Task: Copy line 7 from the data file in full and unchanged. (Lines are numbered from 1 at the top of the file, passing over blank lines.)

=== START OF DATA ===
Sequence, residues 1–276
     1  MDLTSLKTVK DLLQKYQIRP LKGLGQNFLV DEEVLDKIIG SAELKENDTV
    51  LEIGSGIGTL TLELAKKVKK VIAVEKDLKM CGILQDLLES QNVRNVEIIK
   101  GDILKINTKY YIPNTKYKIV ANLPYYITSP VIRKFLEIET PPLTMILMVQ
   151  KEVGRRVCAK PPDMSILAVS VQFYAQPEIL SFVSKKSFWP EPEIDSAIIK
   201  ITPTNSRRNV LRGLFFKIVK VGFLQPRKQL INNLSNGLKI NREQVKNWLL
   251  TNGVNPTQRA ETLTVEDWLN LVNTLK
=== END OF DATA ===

   251  TNGVNPTQRA ETLTVEDWLN LVNTLK